Following Successful Negotiations Last November, Musicians Contract Agreement Now Ratified

MUSICIANSPacific Symphony musicians—members of the Orange County Musicians Association, Local 7, of the American Federation of Musicians (AF of M)—and Symphony management were happy to announce last month that they have ratified a landmark contract. The agreement includes new service guarantees for musicians, which will provide for meaningful growth in performance opportunities across the span of the contract, and a more predictable income and schedule for the musicians. The collective bargaining agreement also includes wage increases totaling 10.4 percent over five years. Effective through Aug. 31, 2021, the agreement solidifies the Symphony’s commitment to education and community engagement work throughout Orange County and the region.

“The Board of Directors, Music Director Carl St.Clair and the staff are very pleased to have achieved a five-year contract with our musicians and the union, which invests in artistic quality, while being mindful of the need to maintain fiscal responsibility,” commented Symphony Board of Directors Chair Joann Leatherby.

“It was gratifying to work with these very committed and creative artists in the spirit of problem solving,” said Symphony President John Forsyte. “Pacific Symphony has a promising future and is comprised of highly dedicated musicians. While the talks were at times challenging, I appreciated the thoughtful give-and-take of the musician representatives and the union. I thank Local 7 of the American Federation of Musicians and the orchestra representatives who were at the table for their dedication to the process and the excellence of the organization."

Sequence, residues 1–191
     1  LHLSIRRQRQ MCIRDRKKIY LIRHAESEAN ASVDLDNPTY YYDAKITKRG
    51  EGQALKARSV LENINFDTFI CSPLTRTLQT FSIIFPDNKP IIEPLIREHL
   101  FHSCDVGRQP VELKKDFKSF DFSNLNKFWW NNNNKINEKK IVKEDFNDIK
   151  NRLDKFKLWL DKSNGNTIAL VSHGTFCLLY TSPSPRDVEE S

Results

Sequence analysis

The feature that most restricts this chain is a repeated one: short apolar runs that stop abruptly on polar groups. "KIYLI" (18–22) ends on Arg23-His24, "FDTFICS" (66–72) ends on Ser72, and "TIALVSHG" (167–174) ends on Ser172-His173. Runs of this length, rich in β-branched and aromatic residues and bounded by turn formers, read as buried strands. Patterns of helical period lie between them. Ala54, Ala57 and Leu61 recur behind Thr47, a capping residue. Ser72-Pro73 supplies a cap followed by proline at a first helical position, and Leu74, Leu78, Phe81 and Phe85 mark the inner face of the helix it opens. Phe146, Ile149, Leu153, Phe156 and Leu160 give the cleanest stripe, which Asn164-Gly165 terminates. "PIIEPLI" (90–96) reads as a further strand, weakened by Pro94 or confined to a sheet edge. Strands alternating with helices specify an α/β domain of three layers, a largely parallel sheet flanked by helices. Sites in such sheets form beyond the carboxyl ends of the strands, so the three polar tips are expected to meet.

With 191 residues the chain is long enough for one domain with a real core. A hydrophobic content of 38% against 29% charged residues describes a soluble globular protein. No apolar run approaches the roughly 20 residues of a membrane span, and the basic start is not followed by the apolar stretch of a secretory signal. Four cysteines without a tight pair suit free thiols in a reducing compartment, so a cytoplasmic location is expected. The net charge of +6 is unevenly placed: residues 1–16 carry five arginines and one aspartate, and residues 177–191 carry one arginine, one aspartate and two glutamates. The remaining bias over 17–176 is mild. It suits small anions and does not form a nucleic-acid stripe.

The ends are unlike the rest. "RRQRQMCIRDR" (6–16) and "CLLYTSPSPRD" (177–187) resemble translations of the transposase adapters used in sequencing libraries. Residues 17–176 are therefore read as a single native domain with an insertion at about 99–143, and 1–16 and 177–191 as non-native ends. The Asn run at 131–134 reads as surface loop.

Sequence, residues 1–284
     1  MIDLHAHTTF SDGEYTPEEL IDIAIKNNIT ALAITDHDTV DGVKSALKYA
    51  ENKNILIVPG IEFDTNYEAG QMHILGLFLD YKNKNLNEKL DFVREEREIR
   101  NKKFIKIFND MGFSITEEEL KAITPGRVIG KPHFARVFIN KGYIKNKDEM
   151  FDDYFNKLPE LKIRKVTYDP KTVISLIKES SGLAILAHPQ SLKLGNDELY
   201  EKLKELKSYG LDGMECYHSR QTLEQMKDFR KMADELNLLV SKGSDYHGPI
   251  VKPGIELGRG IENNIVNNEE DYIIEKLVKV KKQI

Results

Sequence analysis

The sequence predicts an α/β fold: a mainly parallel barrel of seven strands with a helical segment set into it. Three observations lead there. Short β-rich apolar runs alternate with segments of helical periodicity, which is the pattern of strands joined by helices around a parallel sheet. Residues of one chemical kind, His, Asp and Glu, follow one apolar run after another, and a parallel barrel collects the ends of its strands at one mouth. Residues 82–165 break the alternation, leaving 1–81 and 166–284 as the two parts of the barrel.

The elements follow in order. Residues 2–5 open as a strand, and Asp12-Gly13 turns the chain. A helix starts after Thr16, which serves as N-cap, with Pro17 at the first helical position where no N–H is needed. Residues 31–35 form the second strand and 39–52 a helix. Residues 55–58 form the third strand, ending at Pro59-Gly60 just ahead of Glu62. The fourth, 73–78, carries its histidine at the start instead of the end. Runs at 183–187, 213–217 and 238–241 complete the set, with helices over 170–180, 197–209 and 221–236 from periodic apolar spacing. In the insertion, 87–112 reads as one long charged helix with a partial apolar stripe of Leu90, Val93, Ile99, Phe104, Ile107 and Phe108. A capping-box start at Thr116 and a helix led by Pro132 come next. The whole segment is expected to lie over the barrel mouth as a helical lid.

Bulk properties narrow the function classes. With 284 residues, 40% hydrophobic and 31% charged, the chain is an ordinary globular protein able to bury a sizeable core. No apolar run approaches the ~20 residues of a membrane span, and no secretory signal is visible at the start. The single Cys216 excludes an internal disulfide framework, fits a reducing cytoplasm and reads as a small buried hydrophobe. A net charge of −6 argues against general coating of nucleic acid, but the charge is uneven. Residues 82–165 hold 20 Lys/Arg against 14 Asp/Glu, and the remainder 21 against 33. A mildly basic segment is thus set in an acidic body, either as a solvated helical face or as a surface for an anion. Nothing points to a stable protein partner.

MusiciansRobert Sanders, president of the Orange County Musicians, Local 7, AF of M, remarked, “This collective bargaining agreement is a sea change. The service guarantees in it are a vital benefit to musicians who now perform with Pacific Symphony. Further, this contract sends an unmistakable signal to musicians throughout the United States that Pacific Symphony is a serious and desirable workplace.'

Adam Neely, violist and orchestra committee chairperson, added: “Pacific Symphony musicians are pleased that our orchestra is taking such a significant step forward, and we’re grateful to the Symphony leadership and board of directors for their willingness to invest in our future. This new deal will ensure that the high level of artistic expression our audiences enjoy will not only continue, but reach new heights.”

The Symphony’s Board of Directors has remained committed to raising funds and growing revenue to support an orchestra that has national stature while balancing the budget of the organization for each of the last 27 years. The orchestra relies on the generosity of largely individual contributors for nearly 60 percent of its annual budget. Less than one percent of its budget is supported by government sources. The remainder of the budget comes from ticket revenue, additional contracted services and a small endowment distribution. Pacific Symphony is a not-for-profit, charitable organization with a budget of $20.4 million in the 2016-17 fiscal year. In order to balance the budget this season, the organization must raise $11.2 million in addition to ticket revenue.